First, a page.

Recently I discovered many of those old JPG images had become corrupted. Photoshop couldn’t open them. Photoshop couldn’t open the .SFW source files, either. This is like losing a piece of one’s family history. I began my web search for a solution. The old Seattle Filmworks software may still be available, but it hasn’t been supported since Windows 98.

To my utter surprise, I found that an application called Graphic Converter. Graphic Converter? That’s like locating an old friend you lose track of a decade ago. I used to use it on the Mac. I purchased it and installed it on my Mac Pro and recovered all my files.

Graphic Converter is an extraordinarily powerful and intuitive imaging software app. It does anything and everything one needs to work with images: edit, crop, color balance, file conversion, slide show, and much more. If I’d realized it was available and still being improved, I’d never have bought Adobe Photoshop Elements for Mac, which costs three times as much.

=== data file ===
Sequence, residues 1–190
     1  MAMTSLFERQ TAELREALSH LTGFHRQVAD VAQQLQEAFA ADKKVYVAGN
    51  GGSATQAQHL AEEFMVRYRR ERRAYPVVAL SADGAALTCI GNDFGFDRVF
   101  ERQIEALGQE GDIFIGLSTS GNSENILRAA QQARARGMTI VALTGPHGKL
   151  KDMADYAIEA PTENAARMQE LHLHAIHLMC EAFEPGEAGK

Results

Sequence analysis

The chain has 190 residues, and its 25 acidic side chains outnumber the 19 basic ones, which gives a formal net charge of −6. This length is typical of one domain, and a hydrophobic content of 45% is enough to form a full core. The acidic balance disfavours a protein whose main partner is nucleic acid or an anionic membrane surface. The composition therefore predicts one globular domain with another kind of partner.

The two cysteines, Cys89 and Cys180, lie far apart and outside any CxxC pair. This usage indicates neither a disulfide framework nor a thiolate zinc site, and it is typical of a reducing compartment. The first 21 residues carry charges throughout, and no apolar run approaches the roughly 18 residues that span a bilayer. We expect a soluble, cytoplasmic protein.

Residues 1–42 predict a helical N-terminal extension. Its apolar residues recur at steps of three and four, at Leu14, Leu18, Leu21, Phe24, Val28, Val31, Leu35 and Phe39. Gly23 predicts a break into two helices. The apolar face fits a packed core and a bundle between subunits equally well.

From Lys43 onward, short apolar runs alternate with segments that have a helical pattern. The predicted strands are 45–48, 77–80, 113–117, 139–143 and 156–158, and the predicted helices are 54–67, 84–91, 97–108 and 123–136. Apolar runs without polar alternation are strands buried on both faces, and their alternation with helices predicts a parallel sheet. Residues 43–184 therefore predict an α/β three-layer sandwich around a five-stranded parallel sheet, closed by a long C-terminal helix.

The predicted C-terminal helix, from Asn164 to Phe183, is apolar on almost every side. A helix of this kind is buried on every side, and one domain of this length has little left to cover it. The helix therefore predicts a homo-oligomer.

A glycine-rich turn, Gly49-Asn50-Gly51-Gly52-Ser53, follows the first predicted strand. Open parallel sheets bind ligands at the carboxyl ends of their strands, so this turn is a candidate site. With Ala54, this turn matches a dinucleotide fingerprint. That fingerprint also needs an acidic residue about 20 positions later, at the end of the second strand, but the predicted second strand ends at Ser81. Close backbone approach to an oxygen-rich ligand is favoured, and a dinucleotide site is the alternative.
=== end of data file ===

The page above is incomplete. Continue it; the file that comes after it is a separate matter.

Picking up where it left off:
The new Graphic Converter is even more powerful and intuitively engineered than before. It was the ONE app I truly missed when I left Mac for Windows in 1997 (not returning to Mac until 2009). I was so happy with the new product I wrote Lemke Software to express my delight. App creator and software designer Thorsten Lemke wrote back from Germany asking if he could use my letter of thanks on his Customer Statements page. Of course he could – it’s the least I can do. Below is an excerpt from my letter of thanks for such a fine software product.

[quote]This is just a note of thanks for a great product. I used Graphic Converter from about 1995 to 1997 and it was the best Mac app I ever used… I didn’t have to use a manual or Help file to do it. Graphic Converter is as logically designed as ever! It is also the only product other than Photoshop I have ever trusted to edit my photo images, and your product performs a lot of functions Adobe doesn’t.”[/quote]